stock here....they are immediately pimping out that "Officials in the cities of Aztec and Farmington say they have shut down the river’s access to water treatment plants, adding that the communities had a 90-day supply of water."
Late night....now they admit it is 3 times bigger than orginally reported....who could have told from the pictures......
ALBUQUERQUE, N.M. – Anger was mounting Monday at the federal Environmental Protection Agency over the massive spill of millions of gallons of toxic sludge from a Colorado gold mine that has already fouled three major waterways and may be three times bigger than originally reported.http://www.foxnews.com/us/2015/08/10/navajo-nation-aims-to-sue-epa-over-devastating-mining-spill/?intcmp=hplnws
An 80-mile length of mustard-colored water -- laden with arsenic, lead, copper, aluminum and cadmium -- is working its way south toward New Mexico and Utah, following Wednesday's accidental release from the Gold King Mine, near Durango, when an EPA cleanup crew destabilized a dam of loose rock lodged in the mine. The crew was supposed to pump out and decontaminate the sludge, but instead released it into tiny Cement Creek. From there, it flowed into the Animas River and made its way into larger tributaries, including the San Juan and Colorado rivers.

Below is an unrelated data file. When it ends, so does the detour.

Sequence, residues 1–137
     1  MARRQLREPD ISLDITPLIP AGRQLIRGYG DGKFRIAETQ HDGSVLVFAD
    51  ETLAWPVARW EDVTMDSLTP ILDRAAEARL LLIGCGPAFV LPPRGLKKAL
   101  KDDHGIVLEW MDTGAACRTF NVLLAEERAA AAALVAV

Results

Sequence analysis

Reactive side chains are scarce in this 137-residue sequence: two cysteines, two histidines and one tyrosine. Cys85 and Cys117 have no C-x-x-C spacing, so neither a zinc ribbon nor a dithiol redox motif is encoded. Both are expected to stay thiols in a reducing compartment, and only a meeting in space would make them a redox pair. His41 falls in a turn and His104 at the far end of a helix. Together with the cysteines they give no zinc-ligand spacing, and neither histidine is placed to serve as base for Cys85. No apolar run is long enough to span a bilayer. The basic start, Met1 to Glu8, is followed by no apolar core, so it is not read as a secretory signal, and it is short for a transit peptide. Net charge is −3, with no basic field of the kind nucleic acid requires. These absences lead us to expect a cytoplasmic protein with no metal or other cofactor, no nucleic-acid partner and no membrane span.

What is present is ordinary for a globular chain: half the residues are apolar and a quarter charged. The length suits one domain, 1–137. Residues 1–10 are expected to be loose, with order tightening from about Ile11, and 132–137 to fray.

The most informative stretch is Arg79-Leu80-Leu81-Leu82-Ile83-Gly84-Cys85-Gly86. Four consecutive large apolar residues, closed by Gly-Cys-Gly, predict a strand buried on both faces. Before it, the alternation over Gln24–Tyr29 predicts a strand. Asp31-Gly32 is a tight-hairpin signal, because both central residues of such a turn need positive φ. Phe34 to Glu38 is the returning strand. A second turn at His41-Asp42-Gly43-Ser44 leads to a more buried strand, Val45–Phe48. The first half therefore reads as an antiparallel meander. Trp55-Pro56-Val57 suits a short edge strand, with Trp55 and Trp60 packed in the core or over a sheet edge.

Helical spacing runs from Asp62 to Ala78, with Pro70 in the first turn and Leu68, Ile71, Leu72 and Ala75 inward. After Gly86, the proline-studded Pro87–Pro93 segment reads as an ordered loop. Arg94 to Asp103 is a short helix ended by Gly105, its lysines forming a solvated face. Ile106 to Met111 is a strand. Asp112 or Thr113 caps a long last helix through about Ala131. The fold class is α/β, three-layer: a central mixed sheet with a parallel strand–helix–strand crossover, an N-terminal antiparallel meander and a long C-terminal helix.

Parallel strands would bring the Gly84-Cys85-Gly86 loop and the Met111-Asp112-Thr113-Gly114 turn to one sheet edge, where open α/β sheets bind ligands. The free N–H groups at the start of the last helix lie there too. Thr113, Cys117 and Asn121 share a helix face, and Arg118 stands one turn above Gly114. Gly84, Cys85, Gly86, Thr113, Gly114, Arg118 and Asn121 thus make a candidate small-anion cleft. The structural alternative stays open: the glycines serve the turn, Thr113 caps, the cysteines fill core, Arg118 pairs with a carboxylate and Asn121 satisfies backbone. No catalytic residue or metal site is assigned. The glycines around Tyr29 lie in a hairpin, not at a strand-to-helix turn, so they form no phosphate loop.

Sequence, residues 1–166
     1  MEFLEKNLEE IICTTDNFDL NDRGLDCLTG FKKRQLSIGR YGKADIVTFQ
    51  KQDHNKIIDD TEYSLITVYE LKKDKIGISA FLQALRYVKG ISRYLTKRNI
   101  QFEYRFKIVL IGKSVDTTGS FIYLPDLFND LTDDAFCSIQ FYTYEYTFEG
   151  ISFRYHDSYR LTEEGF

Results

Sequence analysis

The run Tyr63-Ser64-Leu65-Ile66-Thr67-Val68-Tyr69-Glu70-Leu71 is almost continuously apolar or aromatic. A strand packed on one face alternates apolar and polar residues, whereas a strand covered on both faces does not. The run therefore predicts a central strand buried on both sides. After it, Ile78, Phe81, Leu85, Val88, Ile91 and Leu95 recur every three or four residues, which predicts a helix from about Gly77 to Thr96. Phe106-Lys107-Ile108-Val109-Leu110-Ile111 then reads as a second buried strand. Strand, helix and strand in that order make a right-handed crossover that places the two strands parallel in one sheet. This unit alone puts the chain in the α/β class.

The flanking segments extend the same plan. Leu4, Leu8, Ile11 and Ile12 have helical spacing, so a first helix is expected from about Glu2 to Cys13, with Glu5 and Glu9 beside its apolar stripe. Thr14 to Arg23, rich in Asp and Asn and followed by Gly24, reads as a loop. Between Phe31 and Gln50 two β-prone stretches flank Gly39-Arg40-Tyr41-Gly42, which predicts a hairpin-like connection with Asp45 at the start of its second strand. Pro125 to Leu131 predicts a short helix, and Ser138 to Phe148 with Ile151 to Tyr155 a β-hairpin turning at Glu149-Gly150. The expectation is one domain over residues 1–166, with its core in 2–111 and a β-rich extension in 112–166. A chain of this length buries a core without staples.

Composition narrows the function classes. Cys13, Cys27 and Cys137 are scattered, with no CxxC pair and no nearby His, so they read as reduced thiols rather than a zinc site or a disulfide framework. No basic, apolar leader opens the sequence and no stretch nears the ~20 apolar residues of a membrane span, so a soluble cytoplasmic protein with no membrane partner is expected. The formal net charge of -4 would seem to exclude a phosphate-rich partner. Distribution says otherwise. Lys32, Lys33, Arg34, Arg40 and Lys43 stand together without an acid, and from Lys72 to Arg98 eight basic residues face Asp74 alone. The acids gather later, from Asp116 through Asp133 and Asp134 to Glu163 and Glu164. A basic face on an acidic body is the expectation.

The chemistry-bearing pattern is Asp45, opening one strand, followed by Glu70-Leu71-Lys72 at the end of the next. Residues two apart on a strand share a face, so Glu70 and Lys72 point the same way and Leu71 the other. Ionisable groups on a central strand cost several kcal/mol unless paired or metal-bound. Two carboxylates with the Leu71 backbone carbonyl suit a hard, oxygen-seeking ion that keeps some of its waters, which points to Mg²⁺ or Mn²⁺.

Really now? 90 days? In a desert? Does anyone think their community has more than a 3 day supply even under rationing conditions?
High levels of arsenic can cause blindness, paralysis and cancer, while lead poisoning can create muscle and vision problems in adults and can be fatal for children.Thanks EPA, glad you are setting acceptable human levels for radiation for NRC promotion.
"We're busting our tails to get that out," Environmental Protection Agency Regional Director Shaun McGrath said, as cited by AP. "We know the importance to people to have this information."
READ MORE: EPA spills 1 mln gallons mine waste, turns river in Colorado orange
The bright orange toxic sludge, which entered the Animas River in Colorado, has now crossed the state border into New Mexico and reached the city of Aztec on Friday night. Local communities in both states are not happy and have blasted the Environmental Protection Agency (EPA) for being slow in warning residents after the spill took place.
"There's not a lot we can do. We can keep people away (from the river) and keep testing. We still don't know how bad it is," San Juan County Emergency Management Director Don Cooper said, according to AP.
The Animas flows into the San Juan River in New Mexico, and the San Juan flows into Utah, where it joins the Colorado River in Lake Powell. There are also reports that the contaminated water is heading towards Utah.